THE NIGHT MY NUMBER CAME UP (Leslie Norman, 1955)

According to this British airflight thriller, the Chinese are “medieval” in their “superstitiousness,” believing that nightmares are premonitions of disaster. The flight in question, in The Night My Number Came Up, is from Bangkok to Tokyo. Its details, including a deadly storm, are shared at a Hong Kong dinner party, and the flight the next […]


It is outrageous that some would think that Anthony Asquith’s charming, delightful, occasionally hilarious The Importance of Being Earnest, from Oscar Wilde’s 1895 play, is anything less than cinematic. I say this because the front-end and back-end set-up, based on the rising and closing curtain of a stage performance of the play, is deliberately stagy […]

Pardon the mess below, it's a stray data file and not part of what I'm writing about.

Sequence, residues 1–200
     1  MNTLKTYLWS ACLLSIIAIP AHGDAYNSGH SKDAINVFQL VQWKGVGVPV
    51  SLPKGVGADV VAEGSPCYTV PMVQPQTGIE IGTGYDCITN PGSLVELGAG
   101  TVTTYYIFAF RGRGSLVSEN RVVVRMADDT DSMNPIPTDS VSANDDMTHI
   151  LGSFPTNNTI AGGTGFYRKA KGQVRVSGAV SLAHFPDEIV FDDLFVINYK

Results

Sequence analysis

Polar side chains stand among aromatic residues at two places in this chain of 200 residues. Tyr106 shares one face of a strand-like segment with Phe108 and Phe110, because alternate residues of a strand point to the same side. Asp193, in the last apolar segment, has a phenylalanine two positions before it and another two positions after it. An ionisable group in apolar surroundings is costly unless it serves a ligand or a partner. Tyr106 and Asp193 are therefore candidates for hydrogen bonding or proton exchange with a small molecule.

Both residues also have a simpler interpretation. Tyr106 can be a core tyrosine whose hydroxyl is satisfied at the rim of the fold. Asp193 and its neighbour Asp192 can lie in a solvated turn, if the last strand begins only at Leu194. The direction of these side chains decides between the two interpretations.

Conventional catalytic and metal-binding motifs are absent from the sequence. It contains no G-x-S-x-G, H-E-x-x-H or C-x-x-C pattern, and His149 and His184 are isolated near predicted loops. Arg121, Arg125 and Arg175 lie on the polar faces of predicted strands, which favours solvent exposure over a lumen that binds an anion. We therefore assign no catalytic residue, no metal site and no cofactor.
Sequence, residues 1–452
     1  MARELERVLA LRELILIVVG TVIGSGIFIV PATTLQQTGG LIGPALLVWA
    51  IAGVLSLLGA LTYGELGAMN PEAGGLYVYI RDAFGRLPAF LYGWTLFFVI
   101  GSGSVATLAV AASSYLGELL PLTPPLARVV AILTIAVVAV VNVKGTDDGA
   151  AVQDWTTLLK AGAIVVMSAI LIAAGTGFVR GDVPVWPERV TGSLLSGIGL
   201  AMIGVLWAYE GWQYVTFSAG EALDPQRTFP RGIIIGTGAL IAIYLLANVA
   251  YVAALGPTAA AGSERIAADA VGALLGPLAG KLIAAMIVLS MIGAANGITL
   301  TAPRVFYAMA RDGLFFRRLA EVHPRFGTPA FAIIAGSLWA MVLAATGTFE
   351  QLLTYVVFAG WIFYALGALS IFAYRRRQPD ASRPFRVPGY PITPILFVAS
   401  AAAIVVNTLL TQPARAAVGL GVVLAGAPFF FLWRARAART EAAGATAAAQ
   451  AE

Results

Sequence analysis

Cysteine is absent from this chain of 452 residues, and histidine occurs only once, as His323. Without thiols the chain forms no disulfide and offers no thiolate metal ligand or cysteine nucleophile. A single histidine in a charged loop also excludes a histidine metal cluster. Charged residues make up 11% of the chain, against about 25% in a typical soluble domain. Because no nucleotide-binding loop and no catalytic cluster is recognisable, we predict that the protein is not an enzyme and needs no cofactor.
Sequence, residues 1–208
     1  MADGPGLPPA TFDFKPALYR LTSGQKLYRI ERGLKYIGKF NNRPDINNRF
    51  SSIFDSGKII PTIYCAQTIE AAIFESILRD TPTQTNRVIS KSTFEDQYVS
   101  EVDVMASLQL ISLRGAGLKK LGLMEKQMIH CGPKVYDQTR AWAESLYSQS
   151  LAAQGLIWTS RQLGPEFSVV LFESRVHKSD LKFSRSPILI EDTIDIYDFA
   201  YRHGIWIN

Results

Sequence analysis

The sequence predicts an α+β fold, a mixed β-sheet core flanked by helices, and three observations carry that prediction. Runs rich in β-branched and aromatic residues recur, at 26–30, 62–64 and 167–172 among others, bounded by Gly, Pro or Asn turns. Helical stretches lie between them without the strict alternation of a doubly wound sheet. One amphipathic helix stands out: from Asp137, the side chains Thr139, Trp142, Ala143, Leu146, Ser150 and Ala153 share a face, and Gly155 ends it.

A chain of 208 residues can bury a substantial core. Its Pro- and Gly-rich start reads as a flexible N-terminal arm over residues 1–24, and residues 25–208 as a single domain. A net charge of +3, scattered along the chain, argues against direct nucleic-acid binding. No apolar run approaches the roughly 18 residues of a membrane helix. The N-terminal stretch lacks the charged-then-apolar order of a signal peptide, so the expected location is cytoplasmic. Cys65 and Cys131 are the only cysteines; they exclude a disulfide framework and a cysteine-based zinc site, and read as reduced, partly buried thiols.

MR. ARKADIN (Orson Welles, 1955)

The film known in Britain as Confidential Report is among Orson Welles’s lamest films. It is intriguing and visually dazzling nevertheless. It is as intricate as a dense spiderweb—in some ways, a Trial run for his end-of-Europe, end-of-the-world masterpiece (1962) from Kafka.      The protagonist is Guy van Stratten—it turns out, a false identity in a […]